Robbery Under Arms/Chapter 37

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This bit of a barney, of course, made bad blood betwixt us and Moran's mob, so for a spell Starlight and father thought it handier for us to go our own road and let them go theirs. We never could agree with chaps like them, and that was the long and short of it. They were a deal too rough and ready for Starlight; and as for Jim and me, though we were none too good, we couldn't do some of the things these coves was up to, nor stand by and see 'em done, which was more. This time we made up our mind to go back to the Hollow and drop out of notice altogether for a bit, and take a rest like.

We hadn't heard anything of Aileen and the old mother for weeks and weeks, so we fixed it that we should sneak over to Rocky Flat, one at a time, and see how things were going, and hearten 'em up a bit. When we did get to the Hollow, instead of being able to take it easy, as we expected, we found things had gone wrong as far as the devil could send 'em that way if he tried his best. It seems father had taken a restless fit himself, and after we were gone had crossed Nulla Mountain to some place above Rocky Flat, to where he could see what went on with a strong glass.

Before I go further I might as well tell you that, along with the whacking big reward that was offered for all of us, a good many coves as fancied themselves a bit had turned amateur policemen, and had all kinds of plans and dodges for catching us dead or alive. Now, men that take to the bush like us don't mind the regular paid force much, or bear them any malice. It's their duty to catch us or shoot us if we bolt, and ours to take all sorts of good care that they shan't do either if we can help it.

Well, as I was sayin', we don't have it in for the regulars in the police; it's all fair pulling, `pull devil pull baker', some one has to get the worst of it. Now it's us, now it's them, that gets took or rubbed out, and no more about it.

But what us cross coves can't stand and are mostly sure to turn nasty on is the notion of fellows going into the manhunting trade, with us for game, either for the fun of it or for the reward. That reward means the money paid for our blood. We don't like it. It may seem curious, but we don't; and them as take up the line as a game to make money or fun out of, when they've no call to, find out their mistake, sometimes when it's a deal too late.

Now we'd heard that a party of four men—some of them had been gaol warders and some hadn't—had made it up to follow us up and get us one way or the other if it was to be done. They weren't in the police, but they thought they knew quite as much as the police did; and, besides, the reward, £5000, if they got our lot and any one of the others, was no foolish money.

Well, nothing would knock it out of these chaps' heads but that we were safe to be grabbed in the long run trying to make into the old home. This was what made them gammon to be surveyors when they first came, as we heard about, and go measuring and tape-lining about, when there wasn't a child over eight years old on the whole creek that couldn't have told with half an eye they wasn't nothing of the sort.

Well, as bad luck would have it, just as father was getting down towards the place he meets Moran and Daly, who were making over to the Fish River on a cattle-duffing lay of their own. They were pretty hard up; and Moran after his rough and tumble with Jim, in which he had come off second best, was ready for anything—anything that was bad, that is.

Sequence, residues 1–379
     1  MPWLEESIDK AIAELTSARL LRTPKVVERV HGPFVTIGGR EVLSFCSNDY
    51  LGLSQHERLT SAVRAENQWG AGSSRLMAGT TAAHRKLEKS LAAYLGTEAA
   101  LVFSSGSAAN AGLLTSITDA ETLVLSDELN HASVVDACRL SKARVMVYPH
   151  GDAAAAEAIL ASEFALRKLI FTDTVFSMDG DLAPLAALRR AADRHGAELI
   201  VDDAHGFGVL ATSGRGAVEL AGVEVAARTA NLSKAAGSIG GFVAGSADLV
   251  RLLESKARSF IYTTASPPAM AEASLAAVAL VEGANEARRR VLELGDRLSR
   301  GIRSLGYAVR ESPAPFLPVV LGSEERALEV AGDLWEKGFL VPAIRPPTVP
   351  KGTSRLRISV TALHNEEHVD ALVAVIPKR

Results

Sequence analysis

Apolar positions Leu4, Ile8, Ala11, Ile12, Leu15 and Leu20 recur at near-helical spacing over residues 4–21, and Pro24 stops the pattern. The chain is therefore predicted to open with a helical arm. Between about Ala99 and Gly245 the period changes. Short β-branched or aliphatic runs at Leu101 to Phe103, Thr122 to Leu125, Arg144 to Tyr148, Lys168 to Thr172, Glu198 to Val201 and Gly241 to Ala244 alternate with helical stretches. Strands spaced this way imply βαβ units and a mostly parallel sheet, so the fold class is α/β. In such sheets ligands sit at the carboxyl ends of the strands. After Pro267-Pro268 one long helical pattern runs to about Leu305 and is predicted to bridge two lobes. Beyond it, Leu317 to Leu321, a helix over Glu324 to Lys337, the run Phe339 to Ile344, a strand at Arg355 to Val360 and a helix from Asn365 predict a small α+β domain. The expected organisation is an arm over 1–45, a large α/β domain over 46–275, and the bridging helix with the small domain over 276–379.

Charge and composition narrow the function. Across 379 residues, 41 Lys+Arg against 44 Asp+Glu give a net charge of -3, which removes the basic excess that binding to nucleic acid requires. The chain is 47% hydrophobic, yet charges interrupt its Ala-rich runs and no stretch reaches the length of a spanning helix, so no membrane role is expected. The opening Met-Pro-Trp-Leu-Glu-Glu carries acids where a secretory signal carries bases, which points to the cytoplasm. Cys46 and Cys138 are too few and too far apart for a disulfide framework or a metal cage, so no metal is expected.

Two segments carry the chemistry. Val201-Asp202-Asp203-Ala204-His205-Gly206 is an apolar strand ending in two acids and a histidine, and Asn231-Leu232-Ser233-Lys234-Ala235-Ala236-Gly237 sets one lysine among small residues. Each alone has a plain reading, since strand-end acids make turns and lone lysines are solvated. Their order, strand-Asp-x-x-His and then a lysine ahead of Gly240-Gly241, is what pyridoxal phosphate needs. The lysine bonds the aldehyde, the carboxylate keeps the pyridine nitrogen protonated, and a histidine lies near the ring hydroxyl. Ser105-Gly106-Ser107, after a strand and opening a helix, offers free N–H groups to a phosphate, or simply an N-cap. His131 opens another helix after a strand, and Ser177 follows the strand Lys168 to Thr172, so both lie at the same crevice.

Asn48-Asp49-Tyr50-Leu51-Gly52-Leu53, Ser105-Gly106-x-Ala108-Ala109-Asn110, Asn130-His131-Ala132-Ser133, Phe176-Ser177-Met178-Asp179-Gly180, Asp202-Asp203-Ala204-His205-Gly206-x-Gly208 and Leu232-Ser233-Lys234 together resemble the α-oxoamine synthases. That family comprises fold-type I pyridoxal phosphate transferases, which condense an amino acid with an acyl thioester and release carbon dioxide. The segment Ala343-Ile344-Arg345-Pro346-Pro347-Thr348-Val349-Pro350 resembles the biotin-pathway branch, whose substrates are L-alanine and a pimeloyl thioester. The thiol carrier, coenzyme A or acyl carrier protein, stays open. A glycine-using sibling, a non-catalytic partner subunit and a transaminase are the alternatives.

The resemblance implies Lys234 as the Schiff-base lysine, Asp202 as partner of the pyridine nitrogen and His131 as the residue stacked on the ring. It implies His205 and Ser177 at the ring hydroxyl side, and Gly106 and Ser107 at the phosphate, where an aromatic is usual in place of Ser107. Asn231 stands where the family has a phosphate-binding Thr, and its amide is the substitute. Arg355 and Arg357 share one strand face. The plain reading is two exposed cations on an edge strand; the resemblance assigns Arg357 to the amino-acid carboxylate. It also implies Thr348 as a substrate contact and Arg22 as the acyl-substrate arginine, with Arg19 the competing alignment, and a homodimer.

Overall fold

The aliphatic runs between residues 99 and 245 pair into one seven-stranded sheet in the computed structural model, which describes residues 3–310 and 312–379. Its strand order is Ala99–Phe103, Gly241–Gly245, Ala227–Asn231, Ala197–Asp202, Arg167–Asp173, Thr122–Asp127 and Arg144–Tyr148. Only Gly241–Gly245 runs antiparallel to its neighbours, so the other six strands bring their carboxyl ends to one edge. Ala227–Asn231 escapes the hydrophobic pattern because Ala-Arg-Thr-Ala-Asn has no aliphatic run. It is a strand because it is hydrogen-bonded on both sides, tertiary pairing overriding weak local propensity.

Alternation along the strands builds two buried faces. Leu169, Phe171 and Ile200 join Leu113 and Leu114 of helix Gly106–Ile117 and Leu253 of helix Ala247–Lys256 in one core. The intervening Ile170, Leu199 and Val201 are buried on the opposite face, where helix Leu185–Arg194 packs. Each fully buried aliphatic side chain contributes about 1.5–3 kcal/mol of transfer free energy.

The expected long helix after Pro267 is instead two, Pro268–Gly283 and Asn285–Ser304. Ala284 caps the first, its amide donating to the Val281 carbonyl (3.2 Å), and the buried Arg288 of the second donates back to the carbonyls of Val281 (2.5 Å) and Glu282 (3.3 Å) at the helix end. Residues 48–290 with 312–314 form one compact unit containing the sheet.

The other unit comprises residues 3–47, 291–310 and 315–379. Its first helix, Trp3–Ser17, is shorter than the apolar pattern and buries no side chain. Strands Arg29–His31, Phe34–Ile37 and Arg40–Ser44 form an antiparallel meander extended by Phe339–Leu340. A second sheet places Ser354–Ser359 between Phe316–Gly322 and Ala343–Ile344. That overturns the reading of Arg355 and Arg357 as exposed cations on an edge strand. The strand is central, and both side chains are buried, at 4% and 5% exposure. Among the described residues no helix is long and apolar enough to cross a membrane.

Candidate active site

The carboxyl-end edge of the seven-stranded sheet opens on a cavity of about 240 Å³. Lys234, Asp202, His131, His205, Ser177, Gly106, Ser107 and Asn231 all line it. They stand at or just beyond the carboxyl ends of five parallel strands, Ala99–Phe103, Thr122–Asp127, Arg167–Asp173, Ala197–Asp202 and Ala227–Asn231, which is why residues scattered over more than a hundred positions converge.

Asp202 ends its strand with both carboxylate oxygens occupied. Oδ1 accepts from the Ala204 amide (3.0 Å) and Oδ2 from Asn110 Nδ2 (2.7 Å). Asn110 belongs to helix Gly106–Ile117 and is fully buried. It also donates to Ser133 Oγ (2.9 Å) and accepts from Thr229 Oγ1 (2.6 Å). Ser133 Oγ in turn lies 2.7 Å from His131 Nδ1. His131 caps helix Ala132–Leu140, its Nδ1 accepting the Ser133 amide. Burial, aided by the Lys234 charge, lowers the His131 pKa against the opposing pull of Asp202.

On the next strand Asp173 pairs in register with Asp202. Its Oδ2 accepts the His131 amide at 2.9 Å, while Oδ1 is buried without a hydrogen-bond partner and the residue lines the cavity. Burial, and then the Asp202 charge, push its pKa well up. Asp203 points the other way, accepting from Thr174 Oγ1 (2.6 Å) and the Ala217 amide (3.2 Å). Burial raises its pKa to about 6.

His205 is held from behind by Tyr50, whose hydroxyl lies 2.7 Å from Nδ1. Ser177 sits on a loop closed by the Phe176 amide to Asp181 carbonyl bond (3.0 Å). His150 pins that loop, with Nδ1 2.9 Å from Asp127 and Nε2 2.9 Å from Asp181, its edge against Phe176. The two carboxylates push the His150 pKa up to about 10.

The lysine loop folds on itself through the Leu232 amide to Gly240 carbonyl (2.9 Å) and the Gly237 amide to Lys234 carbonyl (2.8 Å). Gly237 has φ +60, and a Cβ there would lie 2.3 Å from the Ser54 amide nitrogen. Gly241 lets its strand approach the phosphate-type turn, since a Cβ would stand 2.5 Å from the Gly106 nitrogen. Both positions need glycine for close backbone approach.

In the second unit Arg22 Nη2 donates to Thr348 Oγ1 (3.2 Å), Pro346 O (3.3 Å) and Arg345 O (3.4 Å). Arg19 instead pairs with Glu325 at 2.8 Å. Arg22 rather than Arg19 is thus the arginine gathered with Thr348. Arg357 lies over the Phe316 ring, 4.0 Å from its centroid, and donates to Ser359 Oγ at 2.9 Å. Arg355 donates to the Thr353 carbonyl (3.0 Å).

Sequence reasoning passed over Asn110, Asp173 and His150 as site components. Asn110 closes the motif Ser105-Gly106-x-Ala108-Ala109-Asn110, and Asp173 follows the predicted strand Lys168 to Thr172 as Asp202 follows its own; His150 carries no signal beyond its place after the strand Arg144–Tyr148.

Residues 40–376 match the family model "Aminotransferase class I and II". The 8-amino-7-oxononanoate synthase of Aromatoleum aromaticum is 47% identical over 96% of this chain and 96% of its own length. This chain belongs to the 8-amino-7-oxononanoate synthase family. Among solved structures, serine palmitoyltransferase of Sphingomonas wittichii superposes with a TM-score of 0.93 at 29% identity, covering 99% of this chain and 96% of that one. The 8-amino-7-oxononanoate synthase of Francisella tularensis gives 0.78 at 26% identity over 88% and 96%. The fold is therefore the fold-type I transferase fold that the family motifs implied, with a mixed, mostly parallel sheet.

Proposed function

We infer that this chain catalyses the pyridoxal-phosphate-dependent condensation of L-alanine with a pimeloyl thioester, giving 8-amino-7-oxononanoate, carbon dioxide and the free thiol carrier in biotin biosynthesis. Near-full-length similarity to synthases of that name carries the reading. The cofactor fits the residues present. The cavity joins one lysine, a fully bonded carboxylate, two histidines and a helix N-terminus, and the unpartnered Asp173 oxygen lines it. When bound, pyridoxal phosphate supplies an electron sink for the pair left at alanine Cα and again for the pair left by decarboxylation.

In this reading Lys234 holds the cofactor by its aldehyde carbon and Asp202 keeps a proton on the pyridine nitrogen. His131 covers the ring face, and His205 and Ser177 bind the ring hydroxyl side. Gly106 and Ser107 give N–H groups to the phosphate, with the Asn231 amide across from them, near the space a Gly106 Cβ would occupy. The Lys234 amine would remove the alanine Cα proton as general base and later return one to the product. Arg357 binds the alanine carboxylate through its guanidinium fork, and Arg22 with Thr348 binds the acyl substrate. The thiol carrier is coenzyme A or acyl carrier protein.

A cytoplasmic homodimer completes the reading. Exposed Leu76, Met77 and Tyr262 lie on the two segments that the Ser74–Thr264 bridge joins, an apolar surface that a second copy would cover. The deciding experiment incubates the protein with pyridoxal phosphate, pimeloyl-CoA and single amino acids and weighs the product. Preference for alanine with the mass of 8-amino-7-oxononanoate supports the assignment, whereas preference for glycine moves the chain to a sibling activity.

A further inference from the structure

After he'd a long yarn with them about cattle and horses and what not, he offered them a ten-pound note each if they'd do what he told them. Dad always carried money about with him; he said it came in handy. If the police didn't take him, they wouldn't get it; and if they did take him, why, nothing would matter much and it might go with the rest. It came in handy enough this time, anyhow, though it helped what had been far better left undone.

I remember what a blinded rage father got into when he first had Aileen's letter, and heard that these men were camped close to the old house, poking about there all day long, and worrying and frightening poor Aileen and mother.

Well, it seems on this particular day they'd been into the little township, and I suppose got an extra glass of grog. Anyhow, when they came back they began to be more venturesome than they generally were. One chap came into the house and began talking to Aileen, and after a bit mother goes into her bedroom, and Aileen comes out into the verandah and begins to wash some clothes in a tub, splashing the water pretty well about and making it a bit uncomfortable for any one to come near her.

What must this fool do but begin to talk about what white arms she'd got—not that they were like that much, she'd done too much hard work lately to have her arms, or hands either, look very grand; and at last he began to be saucy, telling her as no Marston girl ought to think so much of herself, considerin' who and what she was. Well, the end of it was father heard a scream, and he looked out from where he was hidden and saw Aileen running down the garden and the fellow after her. He jumps out, and fires his revolver slapbang at the chap; it didn't hit him, but it went that close that he stopped dead and turned round to see who it was.

`Ben Marston, by all that's lucky, boys!' says he, as two of the other chaps came running down at the shot. `We've got the ould sarpint out of his hole at last.' With that they all fires at father as quick as they could draw; and Aileen gives one scream and starts running along the track up the hill that leads to George Storefield's place.